While the study shows that this site would allow for a convention center with an exhibit hall of the preferred size, and on ground level as preferred, and with all the other facilities recommended, it has several fundamental – perhaps fatal – flaws. For one, the immediate surroundings are fundamentally unappealing, probably beyond the ability of a convention center project to fully change. If, as convention planners have told us, site appeal is an important factor in site selection, then to invest eight figures building all the other things the industry needs, but on an unappealing site, seems ill-considered.
If, as convention planners have told us, site appeal is an important factor in site selection, then to invest eight figures building all the other things the industry needs, but on an unappealing site, seems ill-considered.
Another potential flaw is that in order to create an exhibit hall of 150,000 square feet, the proposed convention center footprint would have to extend east into the footprint of the site that some consider to be the best, most likely site for a downtown football stadium. You may not agree. And you may not agree with the Buffalo News’ recent editorial that a new stadium is necessary or inevitable. That question is above my pay grade, and maybe yours. But if there is a new stadium in the cards – and, as the Buffalo News revealed over the weekend, the Bills are setting aside money that could be used to plan for it – the single best proposal I’ve seen to date was published by Artvoice four years ago.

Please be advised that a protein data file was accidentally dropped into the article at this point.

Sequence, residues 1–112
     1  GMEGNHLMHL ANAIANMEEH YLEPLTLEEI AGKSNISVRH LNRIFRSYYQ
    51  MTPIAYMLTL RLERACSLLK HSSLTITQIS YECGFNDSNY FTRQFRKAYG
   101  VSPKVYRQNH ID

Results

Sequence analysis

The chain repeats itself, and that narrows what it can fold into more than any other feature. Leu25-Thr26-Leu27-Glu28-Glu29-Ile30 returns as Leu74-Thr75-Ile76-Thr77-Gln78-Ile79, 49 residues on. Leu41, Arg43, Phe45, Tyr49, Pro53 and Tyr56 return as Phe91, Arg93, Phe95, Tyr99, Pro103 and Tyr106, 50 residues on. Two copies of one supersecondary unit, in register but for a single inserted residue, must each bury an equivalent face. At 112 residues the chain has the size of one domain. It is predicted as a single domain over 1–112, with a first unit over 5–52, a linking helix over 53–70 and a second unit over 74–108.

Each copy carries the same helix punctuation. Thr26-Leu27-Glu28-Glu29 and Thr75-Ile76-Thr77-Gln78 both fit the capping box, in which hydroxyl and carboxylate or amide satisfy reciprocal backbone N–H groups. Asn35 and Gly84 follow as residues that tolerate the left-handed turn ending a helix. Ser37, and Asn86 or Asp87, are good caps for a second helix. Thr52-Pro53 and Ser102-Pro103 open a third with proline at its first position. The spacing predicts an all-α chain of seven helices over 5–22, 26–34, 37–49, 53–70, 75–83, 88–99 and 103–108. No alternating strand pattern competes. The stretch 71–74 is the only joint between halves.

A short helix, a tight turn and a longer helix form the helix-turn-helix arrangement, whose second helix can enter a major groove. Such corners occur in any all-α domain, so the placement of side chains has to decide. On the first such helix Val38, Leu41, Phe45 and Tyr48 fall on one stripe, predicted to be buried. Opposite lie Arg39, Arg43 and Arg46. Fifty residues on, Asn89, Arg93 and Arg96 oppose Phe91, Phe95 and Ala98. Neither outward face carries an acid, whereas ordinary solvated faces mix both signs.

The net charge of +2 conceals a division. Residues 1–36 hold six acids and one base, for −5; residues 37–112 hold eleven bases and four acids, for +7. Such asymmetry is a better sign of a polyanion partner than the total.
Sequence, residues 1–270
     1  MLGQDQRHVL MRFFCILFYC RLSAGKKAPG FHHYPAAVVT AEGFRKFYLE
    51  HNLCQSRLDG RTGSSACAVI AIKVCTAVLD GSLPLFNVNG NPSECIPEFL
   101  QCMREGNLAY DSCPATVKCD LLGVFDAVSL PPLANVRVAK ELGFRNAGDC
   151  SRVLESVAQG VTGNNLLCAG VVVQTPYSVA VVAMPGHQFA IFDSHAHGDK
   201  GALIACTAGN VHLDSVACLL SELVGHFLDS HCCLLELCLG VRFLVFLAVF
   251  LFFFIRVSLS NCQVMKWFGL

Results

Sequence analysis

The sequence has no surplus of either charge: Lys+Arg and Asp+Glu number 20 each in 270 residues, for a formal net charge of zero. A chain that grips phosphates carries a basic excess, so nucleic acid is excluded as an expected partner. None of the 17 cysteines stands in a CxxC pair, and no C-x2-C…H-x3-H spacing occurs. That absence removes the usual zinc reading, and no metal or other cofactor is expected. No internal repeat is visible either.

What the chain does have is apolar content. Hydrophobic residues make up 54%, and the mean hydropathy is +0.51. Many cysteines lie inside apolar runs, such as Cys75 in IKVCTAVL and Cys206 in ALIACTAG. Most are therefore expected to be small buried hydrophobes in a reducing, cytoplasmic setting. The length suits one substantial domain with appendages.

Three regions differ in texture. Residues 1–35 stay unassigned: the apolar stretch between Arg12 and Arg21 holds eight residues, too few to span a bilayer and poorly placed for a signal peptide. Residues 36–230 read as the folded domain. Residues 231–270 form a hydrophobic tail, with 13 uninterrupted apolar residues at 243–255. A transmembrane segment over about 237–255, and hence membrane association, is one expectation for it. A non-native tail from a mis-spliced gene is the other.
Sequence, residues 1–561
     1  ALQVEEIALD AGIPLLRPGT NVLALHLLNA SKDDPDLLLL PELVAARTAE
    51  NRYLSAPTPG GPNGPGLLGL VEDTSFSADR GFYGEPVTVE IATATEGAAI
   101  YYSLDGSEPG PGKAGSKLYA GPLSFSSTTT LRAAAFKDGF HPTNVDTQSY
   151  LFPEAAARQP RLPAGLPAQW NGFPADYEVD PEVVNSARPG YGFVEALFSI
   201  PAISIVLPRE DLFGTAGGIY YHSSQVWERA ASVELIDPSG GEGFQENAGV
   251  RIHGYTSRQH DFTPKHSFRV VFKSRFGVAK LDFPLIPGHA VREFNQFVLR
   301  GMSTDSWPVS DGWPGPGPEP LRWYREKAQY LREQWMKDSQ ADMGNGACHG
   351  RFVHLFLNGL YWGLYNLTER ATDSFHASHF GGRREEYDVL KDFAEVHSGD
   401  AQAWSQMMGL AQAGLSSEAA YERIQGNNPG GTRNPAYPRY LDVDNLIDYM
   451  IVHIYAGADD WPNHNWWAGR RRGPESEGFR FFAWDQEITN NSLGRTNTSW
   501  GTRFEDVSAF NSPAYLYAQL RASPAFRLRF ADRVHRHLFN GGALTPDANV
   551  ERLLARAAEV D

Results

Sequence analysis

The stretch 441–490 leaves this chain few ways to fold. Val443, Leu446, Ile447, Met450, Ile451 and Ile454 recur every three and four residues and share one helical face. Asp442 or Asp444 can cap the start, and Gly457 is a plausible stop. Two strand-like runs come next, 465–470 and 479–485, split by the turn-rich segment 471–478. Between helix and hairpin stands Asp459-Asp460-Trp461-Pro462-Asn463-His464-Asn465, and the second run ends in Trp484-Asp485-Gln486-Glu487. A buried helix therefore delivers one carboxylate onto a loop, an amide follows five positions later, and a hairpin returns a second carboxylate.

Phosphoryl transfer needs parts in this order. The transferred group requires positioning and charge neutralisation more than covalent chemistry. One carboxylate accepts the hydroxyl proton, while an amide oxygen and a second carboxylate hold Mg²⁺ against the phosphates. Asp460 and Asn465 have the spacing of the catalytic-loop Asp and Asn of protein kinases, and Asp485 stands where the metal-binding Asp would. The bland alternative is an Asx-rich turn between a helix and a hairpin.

That proposal was crafted by Architect and UB School of Architecture and Planning Professor Brad Wales, along with team members David Heaton, Wade Georgi, and Matt Kreidler. Artvoice contributor Andrew Kulyk who, along with Pete Ferrell, has visited every major-league sports venue in the nation (and many internationally), wrote the article. But what’s not generally known – and perhaps mentioned publicly for the first time here – is that the proposal was funded by Larry Quinn. Yes, Quinn drew a lot of fire for his involvement in Bass Pro and, more recently, his stint on the school board. But he does know more than a thing or two about building sports stadiums and downtown development.